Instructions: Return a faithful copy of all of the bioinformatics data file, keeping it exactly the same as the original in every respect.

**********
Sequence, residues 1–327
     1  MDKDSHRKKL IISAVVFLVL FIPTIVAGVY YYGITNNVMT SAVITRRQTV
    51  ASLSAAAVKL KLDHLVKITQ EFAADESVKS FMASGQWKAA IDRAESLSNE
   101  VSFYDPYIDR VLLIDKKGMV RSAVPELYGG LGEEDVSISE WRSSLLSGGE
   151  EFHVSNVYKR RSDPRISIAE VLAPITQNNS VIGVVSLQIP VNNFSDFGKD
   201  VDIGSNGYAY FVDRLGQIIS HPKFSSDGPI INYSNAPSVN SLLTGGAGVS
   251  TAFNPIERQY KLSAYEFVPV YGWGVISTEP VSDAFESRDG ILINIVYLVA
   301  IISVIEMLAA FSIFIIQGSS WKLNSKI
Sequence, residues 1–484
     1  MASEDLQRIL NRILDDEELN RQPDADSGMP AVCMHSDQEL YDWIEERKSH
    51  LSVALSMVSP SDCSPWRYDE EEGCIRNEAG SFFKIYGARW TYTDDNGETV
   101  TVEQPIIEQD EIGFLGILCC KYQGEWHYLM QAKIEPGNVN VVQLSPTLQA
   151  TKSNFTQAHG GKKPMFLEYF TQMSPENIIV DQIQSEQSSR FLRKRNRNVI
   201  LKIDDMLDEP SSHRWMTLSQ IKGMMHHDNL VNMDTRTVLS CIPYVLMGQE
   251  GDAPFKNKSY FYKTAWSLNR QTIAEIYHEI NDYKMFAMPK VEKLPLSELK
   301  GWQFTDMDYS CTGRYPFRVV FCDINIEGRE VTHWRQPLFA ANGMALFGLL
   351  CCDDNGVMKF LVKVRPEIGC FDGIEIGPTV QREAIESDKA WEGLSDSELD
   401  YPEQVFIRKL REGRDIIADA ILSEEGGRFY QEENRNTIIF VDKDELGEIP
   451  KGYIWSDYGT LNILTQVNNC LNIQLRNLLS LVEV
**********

Sequence, residues 1–327
     1  MDKDSHRKKL IISAVVFLVL FIPTIVAGVY YYGITNNVMT SAVITRRQTV
    51  ASLSAAAVKL KLDHLVKITQ EFAADESVKS FMASGQWKAA IDRAESLSNE
   101  VSFYDPYIDR VLLIDKKGMV RSAVPELYGG LGEEDVSISE WRSSLLSGGE
   151  EFHVSNVYKR RSDPRISIAE VLAPITQNNS VIGVVSLQIP VNNFSDFGKD
   201  VDIGSNGYAY FVDRLGQIIS HPKFSSDGPI INYSNAPSVN SLLTGGAGVS
   251  TAFNPIERQY KLSAYEFVPV YGWGVISTEP VSDAFESRDG ILINIVYLVA
   301  IISVIEMLAA FSIFIIQGSS WKLNSKI
Sequence, residues 1–484
     1  MASEDLQRIL NRILDDEELN RQPDADSGMP AVCMHSDQEL YDWIEERKSH
    51  LSVALSMVSP SDCSPWRYDE EEGCIRNEAG SFFKIYGARW TYTDDNGETV
   101  TVEQPIIEQD EIGFLGILCC KYQGEWHYLM QAKIEPGNVN VVQLSPTLQA
   151  TKSNFTQAHG GKKPMFLEYF TQMSPENIIV DQIQSEQSSR FLRKRNRNVI
   201  LKIDDMLDEP SSHRWMTLSQ IKGMMHHDNL VNMDTRTVLS CIPYVLMGQE
   251  GDAPFKNKSY FYKTAWSLNR QTIAEIYHEI NDYKMFAMPK VEKLPLSELK
   301  GWQFTDMDYS CTGRYPFRVV FCDINIEGRE VTHWRQPLFA ANGMALFGLL
   351  CCDDNGVMKF LVKVRPEIGC FDGIEIGPTV QREAIESDKA WEGLSDSELD
   401  YPEQVFIRKL REGRDIIADA ILSEEGGRFY QEENRNTIIF VDKDELGEIP
   451  KGYIWSDYGT LNILTQVNNC LNIQLRNLLS LVEV